The Employers' Association

The Employers’ Association (TEA) is a not-for-profit employers’ association, formed in 1939, with offices in Grand Rapids serving the West Michigan employer community. We help more than 600 member companies maximize employee productivity and minimize employer liability through human resources and management advice, training, survey data, and consulting services.

TEA is in the business of helping people. This blog is intended to address human issues, concerns and the things that impact people - be they self-perpetuated or externally imposed. Feel free to respond to the thoughts presented here, for without each other, we are nothing!

Tuesday, October 23, 2012


What forms a boundary for you? Is it your life experience? Perhaps things you did (or did not do) as a child? Do you have too much respect and reverence for the past? Have you become so comfortable with things the way they are that you feel no need to change? Might fear of the unknown keep you from travelling an unknown path or seeking a new direction? Are you holding yourself back from fully contributing to your world by immersing yourself in all you have – content with “what is” at the expense of “what could be?” Whatever reasons you may have – be they real or imagined – one must continue to learn and apply their knowledge in today’s world or they will begin to wither and die.  Waiting for life to come to us is no longer an option. We must constantly seek the outer limits of our self-imposed boundaries and work hard to reach beyond them if we are to grow. Should we choose not to grow, we become obstacles sitting idly in the way of others as they seek to move forward – roadblocks in the path of potential success.

How can we inject fresh perspective into the things we do and the way that we approach the future? How can we recognize that “what is” may not always be – that something different might be appropriate? Living within the past is like reaching for a comforter while sitting on the couch. Life would be much more fulfilling if you were to stand on the rooftop and reach for the stars!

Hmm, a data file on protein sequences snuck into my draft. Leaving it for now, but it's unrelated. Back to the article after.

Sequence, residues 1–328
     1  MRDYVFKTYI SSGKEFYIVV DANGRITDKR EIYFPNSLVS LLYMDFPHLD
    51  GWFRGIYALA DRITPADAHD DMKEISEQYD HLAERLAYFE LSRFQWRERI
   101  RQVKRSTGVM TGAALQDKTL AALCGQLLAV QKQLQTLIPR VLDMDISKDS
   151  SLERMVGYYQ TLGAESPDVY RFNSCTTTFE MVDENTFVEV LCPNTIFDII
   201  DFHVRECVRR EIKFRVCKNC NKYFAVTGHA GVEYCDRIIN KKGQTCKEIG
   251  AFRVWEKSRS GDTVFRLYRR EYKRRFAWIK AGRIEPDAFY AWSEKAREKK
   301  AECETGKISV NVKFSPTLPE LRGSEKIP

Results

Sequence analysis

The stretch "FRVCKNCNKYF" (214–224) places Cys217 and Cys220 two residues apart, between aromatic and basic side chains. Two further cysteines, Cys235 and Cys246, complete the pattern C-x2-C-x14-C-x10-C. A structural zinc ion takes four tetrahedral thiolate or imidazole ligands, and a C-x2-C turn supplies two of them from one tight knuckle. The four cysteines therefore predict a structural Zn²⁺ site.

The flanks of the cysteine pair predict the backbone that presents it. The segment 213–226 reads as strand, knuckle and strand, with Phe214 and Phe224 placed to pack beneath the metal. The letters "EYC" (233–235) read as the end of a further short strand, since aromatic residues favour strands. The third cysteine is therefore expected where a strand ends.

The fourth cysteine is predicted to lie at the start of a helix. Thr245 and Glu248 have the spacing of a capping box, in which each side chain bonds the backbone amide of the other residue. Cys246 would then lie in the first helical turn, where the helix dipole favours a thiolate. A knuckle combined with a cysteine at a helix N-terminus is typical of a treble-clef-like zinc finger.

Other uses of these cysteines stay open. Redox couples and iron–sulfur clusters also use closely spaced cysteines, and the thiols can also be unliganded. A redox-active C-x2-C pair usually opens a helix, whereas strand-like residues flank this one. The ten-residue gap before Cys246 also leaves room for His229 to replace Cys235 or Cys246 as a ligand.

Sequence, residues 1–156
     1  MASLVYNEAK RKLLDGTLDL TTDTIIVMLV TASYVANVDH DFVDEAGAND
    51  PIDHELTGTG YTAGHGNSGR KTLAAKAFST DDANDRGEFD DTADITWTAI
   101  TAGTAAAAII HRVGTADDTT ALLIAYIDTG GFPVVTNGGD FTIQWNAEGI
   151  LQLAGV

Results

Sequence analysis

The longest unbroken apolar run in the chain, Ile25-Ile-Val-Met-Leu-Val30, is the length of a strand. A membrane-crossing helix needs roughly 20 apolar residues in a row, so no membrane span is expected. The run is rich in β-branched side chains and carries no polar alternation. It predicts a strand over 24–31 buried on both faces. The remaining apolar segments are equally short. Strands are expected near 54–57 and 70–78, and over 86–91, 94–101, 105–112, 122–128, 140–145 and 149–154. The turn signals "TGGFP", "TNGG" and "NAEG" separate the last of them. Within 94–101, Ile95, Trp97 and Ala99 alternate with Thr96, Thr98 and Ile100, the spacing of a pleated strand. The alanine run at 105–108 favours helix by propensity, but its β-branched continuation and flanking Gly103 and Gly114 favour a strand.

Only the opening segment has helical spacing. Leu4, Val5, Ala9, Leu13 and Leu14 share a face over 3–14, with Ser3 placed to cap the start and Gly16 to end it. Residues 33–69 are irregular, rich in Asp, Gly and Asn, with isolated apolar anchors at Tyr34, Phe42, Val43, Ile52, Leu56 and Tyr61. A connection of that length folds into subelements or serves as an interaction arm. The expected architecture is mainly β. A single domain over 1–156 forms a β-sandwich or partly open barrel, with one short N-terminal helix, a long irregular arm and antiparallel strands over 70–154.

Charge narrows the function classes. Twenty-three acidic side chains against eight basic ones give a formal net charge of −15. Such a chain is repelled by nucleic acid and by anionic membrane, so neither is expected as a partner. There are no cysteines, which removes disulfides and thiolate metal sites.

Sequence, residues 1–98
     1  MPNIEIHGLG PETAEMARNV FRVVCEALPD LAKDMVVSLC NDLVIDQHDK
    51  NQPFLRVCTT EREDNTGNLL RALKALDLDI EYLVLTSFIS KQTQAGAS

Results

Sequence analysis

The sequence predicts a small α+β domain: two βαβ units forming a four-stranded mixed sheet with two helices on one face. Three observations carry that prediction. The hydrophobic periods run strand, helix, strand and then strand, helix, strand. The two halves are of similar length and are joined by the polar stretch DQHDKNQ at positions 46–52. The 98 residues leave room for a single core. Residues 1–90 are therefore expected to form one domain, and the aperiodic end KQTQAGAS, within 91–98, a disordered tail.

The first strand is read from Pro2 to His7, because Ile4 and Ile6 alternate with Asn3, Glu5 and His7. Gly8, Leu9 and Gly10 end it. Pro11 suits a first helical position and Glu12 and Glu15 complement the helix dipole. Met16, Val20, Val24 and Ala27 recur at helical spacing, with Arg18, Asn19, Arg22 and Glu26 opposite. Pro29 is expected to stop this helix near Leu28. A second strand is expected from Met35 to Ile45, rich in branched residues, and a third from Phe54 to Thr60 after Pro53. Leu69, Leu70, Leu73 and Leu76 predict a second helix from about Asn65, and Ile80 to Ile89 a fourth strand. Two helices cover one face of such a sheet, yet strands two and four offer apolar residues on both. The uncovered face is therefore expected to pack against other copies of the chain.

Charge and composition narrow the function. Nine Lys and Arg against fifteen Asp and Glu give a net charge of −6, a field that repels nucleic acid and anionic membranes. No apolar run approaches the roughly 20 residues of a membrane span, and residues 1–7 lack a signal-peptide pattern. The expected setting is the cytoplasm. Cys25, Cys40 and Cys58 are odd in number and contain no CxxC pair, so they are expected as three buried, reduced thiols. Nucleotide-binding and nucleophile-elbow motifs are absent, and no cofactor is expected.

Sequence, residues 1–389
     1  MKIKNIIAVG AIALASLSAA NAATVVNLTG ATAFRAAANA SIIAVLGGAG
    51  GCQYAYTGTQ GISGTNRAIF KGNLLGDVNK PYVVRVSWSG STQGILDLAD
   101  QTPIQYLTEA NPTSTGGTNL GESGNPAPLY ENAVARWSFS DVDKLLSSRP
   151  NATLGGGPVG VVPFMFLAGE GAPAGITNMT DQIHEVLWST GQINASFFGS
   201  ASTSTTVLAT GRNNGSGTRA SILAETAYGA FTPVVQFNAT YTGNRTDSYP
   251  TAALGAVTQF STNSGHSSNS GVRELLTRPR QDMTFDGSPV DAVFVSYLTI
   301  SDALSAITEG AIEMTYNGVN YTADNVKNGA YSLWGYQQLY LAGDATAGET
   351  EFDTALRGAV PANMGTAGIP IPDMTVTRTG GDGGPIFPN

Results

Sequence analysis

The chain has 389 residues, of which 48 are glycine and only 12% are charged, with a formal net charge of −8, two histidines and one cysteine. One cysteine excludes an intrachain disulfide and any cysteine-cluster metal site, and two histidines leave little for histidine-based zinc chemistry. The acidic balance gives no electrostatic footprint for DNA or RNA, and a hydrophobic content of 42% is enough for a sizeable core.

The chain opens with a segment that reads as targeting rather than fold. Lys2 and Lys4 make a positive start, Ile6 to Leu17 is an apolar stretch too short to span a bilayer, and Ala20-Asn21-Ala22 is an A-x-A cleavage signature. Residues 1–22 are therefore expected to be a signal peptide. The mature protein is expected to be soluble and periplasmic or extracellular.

Traditions should never become the destination you seek nor an excuse used to keep you from reaching beyond your present reality. Far too many individuals hide behind a sense of tradition rather than seeking new possibilities. Recognizing and valuing the past is a good thing. Holding so tightly on to the past, however – grasping it to the point that you cannot move forward – is a detriment to healthy living.

When one takes more pride in where they come from (be it national origin, gender, race or religion) than in where they are they become disconnected with reality. When one holds so tightly onto their past that there is little room left to create a new “present,” their expectations become more accommodating than assimilating. Rather than seeking new ways to utilize their gifts they tend to hold onto the old, becoming a millstone around society’s neck rather than an enhancer of its continued growth. When one expects more than they can ever wish to contribute – when they seek more than they are willing to give – when they ask for more than they are willing to share – they have stepped beyond the boundaries of tradition into the realm of entitlement. One must continually give in order to gain – knowing another will refill them through a reciprocal sharing – in order to expand their sense of past into a bright tomorrow.

There comes a time in all our lives that we must begin to stretch our sense of limitation. For some this may come in the form of exploding the walls surrounding them so that a fresh new start is inevitable. For others less willing to test new waters or travel upon unfamiliar roads, perhaps simply opening the windows and doors wide enough to escape the room that restricts them could lead to different perspectives as they begin the journey towards a new beginning.

We should not judge our lives by the number of “finishes” we experience but rather by the number of “starts” we initiate. We should not seek glory only in finishing the race for there are unlimited opportunities we find along the way. When a destination is our only reward it minimizes the growth we could have experienced as we move forward from one temporary resting place to another. Do not seek today as a destination for it is but a springboard to a new (and unknown) tomorrow. Learn from your past so you might gather strength and confidence within your present as you prepare to leap forward into a future holding unlimited possibilities.

Monday, October 8, 2012


There have been countless articles and books written about how to properly influence and motivate people. Dale Carnegie once made a fortune telling us how to “Win Friends and Influence People,” By now almost everyone knows that we must “get the right people on the bus…” if we are going to run a successful organization. We even know how to “color our parachutes…” so that we can land on our feet if something goes wrong in our business. Life, however, is not always rosy – it often comes fraught with lessons, landmines and labyrinths. No road is ever as straight and narrow as anticipated nor is success as easy to find as outlined within the books others write.